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Illustration by Mr Seth Armstrong

EPISODE 29: Hello Kitty Must Die!

A 2ft-tall Hello Kitty piñata stares at my eight-year-old son. It is just one of the party decorations littering our apartment in advance of our daughter's fourth birthday party. Nicholas stares back at the hot pink bundle of tissue paper with utter disgust.

"Aren't you excited for Alexandra's birthday?" I ask him.

"No, it is the worst day of the year," he replies. "I can't wait to take my bat to that thing."

In the hope of generating a glimmer of affection, I try a different tack. "What do you remember about the day your sister was born?"

"I had cod sticks for lunch. They were lovely."

Nicholas' aversion to his sister's birthday is not your typical case of sibling rivalry. I know that he loves his sister. I've caught him secretly kissing the top of her head when he thinks my back is turned, but as I've peeled back the layers of his disdain I've discovered a truism about stylish men - even stylish men-in-training. Sharing the spotlight can be difficult. Attention to a dandy is like sunshine to a hothouse flower.

Sharing the spotlight can be difficult for stylish men. Attention to a dandy is like sunshine to a hothouse flower

Nicholas is still at an age when he requires all the sunshine he can get, just as he is still at a moment in his sartorial development when he wants his outfits to go to 11. Recently he returned from a week with my folks in Santa Fe, New Mexico. As he stepped in the door dragging a wheelie, he was wearing white jeans, a chambray shirt, a blue blazer, Chelsea boots, a cowboy hat and wayfarers. To give credit where it is due, he somehow managed to pull off this Portofino-meets-Southwest mash-up.

One of the traits that took me years to acquire is the ability to allow others to have their moment in the sun - and not just allow them their moment but to be genuinely happy for them. Just as my personal style has grown subtler over time, I've also tried to become a better listener and more content with cheering from the sidelines just as others cheer for me when it is my turn on stage. How do you explain this hard-won bit of wisdom to an eight-year-old? "Don't be the ham in someone else's sandwich" doesn't quite get the message across. "Listening is an underrated skill" draws a blank stare from most children.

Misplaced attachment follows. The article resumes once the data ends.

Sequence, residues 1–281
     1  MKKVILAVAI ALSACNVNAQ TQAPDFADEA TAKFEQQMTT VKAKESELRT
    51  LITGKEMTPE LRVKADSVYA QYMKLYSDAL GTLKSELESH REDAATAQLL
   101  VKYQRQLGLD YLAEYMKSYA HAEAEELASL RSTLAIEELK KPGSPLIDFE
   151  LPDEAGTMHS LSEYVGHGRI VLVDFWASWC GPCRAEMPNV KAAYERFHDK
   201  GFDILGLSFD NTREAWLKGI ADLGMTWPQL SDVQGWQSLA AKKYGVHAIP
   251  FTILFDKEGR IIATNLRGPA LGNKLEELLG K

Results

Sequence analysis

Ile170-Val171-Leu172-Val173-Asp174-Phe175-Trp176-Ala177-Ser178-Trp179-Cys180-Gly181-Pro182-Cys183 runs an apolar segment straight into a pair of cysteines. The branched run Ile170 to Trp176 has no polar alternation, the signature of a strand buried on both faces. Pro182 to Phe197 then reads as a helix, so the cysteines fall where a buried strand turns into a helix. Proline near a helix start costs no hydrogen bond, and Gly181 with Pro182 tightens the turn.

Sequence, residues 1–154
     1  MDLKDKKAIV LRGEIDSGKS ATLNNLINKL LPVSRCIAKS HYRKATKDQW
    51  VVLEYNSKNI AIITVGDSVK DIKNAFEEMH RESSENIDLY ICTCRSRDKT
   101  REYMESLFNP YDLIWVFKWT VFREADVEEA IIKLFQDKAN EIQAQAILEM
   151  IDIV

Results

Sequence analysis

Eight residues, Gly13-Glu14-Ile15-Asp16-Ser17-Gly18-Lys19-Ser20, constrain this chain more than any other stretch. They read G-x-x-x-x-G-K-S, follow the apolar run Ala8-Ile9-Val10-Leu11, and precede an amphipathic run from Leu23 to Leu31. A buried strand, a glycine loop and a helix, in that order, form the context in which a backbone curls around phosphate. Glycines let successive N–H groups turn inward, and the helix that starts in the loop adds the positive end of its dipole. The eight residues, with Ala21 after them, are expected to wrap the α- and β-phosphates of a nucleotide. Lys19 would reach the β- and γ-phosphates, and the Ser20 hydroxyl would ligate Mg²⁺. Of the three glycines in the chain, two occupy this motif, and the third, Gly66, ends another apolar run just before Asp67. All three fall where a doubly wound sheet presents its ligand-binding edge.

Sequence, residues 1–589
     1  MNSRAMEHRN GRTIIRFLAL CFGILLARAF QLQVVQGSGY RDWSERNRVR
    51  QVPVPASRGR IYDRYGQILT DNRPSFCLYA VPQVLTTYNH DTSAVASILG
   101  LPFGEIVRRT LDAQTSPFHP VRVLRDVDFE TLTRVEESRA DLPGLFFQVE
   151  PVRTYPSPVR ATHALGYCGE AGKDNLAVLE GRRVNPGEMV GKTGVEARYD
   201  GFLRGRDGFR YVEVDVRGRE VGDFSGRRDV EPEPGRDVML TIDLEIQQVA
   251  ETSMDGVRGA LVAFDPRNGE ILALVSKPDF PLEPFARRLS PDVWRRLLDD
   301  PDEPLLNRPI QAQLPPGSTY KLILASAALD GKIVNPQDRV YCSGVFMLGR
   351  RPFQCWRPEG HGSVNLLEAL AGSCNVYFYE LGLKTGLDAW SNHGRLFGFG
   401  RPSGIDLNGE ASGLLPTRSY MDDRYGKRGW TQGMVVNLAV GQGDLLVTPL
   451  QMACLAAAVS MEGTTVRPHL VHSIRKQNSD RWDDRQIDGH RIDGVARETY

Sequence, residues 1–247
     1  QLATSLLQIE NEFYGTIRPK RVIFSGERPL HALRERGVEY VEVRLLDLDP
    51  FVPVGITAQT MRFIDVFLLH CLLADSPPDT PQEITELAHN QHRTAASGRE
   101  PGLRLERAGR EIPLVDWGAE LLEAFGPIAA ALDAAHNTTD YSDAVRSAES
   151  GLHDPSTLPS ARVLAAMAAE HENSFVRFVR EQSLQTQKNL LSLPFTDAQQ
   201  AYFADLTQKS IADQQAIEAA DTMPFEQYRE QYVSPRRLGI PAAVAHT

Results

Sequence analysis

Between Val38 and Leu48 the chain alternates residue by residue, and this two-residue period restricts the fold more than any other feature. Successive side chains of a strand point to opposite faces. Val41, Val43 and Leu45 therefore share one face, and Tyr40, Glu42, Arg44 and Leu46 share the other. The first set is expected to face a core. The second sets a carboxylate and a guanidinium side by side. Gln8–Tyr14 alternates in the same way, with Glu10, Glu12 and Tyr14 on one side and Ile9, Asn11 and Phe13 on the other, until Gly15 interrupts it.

The situation is complicated by the fact that our two children look very much alike yet they are polar opposites when it comes to personality. Nicholas is a rule follower who eats his vegetables and goes to sleep with little prompting. He is very interested in current events and how the world works. Whenever I've tried to introduce a work of fantasy to our bedtime reading syllabus, he has gently steered us away from Treasure Island or Narnia and instead asked me to read to him about the Civil War, Napoleon or the Barbary pirates.

Alexandra is a night owl, whip-smart and a sybarite. She is also a fabulist - a quality that makes Nicholas' blood boil

Alexandra is a night owl, whip-smart and a sybarite. She is also all girl: she loves pink, she loves tutus and she loves accompanying her mother to the nail salon. She is also a fabulist - a quality that makes Nicholas' blood boil. Some children have an imaginary friend. Alexandra is the star of her own imaginary telenovela. The other day she informed the family over breakfast that she had a husband, "but he's not my first".